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Alumni Stories

Lucy Molenkamp: Making a difference in the daily lives of others

Moving from Bathurst NSW to Canberra, Lucy Molenkamp was excited to embark on a new chapter as a university student, unaware of the unexpected challenges that lay ahead.

Lucy was raised in Bathurst by a father who is a registered nurse and a mother who works at a specialist school for children with disabilities and always knew that she too wanted to pursue a career in healthcare.

After a gap year working in payroll, Lucy applied to study a Bachelor of Occupational Therapy at the University of Canberra, keen to join her brother who had already moved to the bush capital.

“I feel like Canberra is like a big Bathurst, with small town vibes, in the sense that everyone knows everyone – but with better shops, better food and more opportunities!”

Lucy began her four-year, full-time course in 2020. Soon after she began, the COVID-19 pandemic was declared, with UC moving to online learning. Lucy decided to move back in with her parents in Bathurst while she couldn’t be on campus.

Once restrictions had lifted, Lucy relished the opportunity to get to know her peers in person.

“For the first two years of my degree, we had very limited face-to-face classes, so it was amazing to get back into the classroom and be surrounded by like-minded people,” Lucy says.

“We started to hang out socially and really valued being able to be in the same room again and catching up on getting the university experience after two years!”

While COVID-19 restrictions had started easing, Lucy found herself dealing with an additional challenge and sought assistance through the student support service InclusionUC.

“I was diagnosed with Crohn's disease – an autoimmune disorder that made it hard to keep up with exams and assessments, as I am dealing with ongoing fatigue as a result of the condition,” Lucy says.

A lifelong condition where symptoms range from mild to debilitating, Crohn's is a type of inflammatory bowel disease that causes inflammation in the digestive system.

The team at InclusionUC worked with Lucy to develop a Reasonable Adjustment Plan (RAP), which then allowed unit convenors to implement measures such as assignment extensions.

“I felt really supported knowing that my fatigue wouldn’t prevent me from continuing my studies and that I had extra time to complete assessments when my symptoms flared up,” Lucy says.

“It was also really helpful when I started doing clinical placements, when I wanted to stay in Canberra rather than travel, due to living with Crohn’s.”

Lucy recalls her positive experience completing an eight-week placement in adolescent occupational therapy (OT) at UC’s student-led health clinics.

“During that period, I worked with clients and their families under the supervision of a registered Occupational Therapist to develop skills and strategies for social, emotional and recreational aspects of their daily lives,” she says.

The Canberra Hospital was home to Lucy’s other clinical placements, where she learnt how to use occupational therapy to help patients in acute care, followed by a stint in the neurology ward, and then an experience in occupational rehabilitation, assisting people with their return to work.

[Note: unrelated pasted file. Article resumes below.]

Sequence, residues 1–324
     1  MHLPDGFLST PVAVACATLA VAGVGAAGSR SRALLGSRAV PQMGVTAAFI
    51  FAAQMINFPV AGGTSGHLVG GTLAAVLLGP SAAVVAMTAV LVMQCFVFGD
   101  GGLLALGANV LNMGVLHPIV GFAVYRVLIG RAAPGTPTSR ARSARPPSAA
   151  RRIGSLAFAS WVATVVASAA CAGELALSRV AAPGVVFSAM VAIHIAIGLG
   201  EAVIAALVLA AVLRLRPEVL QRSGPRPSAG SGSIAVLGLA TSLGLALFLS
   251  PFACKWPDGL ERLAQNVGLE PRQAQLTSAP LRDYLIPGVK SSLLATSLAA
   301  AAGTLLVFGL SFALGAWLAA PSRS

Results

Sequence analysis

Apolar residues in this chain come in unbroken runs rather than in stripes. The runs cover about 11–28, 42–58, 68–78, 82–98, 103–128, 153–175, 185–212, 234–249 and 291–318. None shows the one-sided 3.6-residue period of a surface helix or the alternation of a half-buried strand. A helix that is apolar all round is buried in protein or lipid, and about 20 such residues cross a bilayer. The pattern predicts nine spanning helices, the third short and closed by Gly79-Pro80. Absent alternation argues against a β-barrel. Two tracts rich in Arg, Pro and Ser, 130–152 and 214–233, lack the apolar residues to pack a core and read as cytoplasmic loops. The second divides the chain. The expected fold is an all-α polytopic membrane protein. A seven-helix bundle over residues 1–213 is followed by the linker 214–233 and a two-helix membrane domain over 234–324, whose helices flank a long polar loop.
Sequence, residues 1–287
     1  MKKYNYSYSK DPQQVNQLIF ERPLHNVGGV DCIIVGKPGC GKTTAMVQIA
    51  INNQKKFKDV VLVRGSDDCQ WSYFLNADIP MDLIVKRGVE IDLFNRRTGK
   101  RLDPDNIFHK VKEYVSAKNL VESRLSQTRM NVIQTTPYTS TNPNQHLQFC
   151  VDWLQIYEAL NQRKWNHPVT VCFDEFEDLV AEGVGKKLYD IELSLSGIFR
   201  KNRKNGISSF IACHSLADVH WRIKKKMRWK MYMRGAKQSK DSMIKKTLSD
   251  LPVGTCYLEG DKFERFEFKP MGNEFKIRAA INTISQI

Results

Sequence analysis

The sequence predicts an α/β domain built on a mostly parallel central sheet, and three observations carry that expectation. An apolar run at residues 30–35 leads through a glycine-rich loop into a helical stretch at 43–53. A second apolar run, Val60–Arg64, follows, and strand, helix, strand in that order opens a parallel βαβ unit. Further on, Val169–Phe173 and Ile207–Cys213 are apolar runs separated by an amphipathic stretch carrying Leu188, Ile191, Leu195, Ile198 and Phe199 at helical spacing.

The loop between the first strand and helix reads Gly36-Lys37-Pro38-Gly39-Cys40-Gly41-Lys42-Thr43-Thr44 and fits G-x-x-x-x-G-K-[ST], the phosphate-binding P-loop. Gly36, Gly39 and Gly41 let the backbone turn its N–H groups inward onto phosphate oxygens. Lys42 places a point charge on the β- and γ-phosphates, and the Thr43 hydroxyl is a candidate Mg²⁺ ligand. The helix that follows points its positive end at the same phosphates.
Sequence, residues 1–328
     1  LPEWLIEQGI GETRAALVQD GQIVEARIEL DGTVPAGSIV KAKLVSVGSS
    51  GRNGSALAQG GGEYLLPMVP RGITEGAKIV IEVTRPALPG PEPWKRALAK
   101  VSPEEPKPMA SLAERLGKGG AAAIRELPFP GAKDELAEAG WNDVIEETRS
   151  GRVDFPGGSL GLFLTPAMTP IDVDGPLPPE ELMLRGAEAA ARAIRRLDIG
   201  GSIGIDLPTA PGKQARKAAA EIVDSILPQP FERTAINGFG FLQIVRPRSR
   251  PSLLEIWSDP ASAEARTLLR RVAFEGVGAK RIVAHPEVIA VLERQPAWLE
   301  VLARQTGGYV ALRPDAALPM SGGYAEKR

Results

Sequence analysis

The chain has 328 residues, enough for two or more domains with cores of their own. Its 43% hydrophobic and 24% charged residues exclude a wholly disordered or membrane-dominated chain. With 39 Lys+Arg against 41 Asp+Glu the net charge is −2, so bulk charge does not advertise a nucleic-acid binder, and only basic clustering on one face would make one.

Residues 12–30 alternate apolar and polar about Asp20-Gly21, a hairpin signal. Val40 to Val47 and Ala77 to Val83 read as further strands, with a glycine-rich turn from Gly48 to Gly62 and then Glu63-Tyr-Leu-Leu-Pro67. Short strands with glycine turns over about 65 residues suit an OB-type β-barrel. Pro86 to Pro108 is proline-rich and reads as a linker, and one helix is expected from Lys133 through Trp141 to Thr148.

“All of these experiences made me understand how holistic occupational therapy is,” Lucy says.

“It's so diverse and you get to delve into a person’s interests and motivations – why they do the things they do.

“Rather than saying ‘here's an intervention – see ya!’ you actually get to know people really well.”

On completion of her degree, Lucy was offered a graduate allied health position with Canberra Health Services, which allows her to gain experience across different areas of healthcare across the ACT through a six-month rotation.

“My first six months are with the transitional therapy care program at the University of Canberra Hospital, then I’ll transfer to the Canberra Hospital to work in acute care for the second half of the year,” she says.

In her current role as a graduate occupational therapist in transitional therapy care, Lucy is supporting adults aged over 65 to transition from the hospital to home. The form of care involves the collaboration of staff across a range of disciplines including physios, dietitians and social workers.

“Knowing that I’m translating my occupational therapy knowledge into practice, and seeing people progress into feeling comfortable and safe enough to go home is incredible!”

Looking ahead, Lucy is content with continuing her career journey in Canberra but says it’s still too early to determine whether there is a particular area of OT she would like to specialise in.

“I love working with people on a more personal level in their home, so perhaps I’ll end up providing at-home therapy and support – the profession is so broad,” she says.

“No matter where I go though, I just love getting the opportunity to meet people and hear their stories –   helping people get back to doing the things they want to do is a wonderful feeling.”

Words by Emma Larouche. Photos by Liam Budge.

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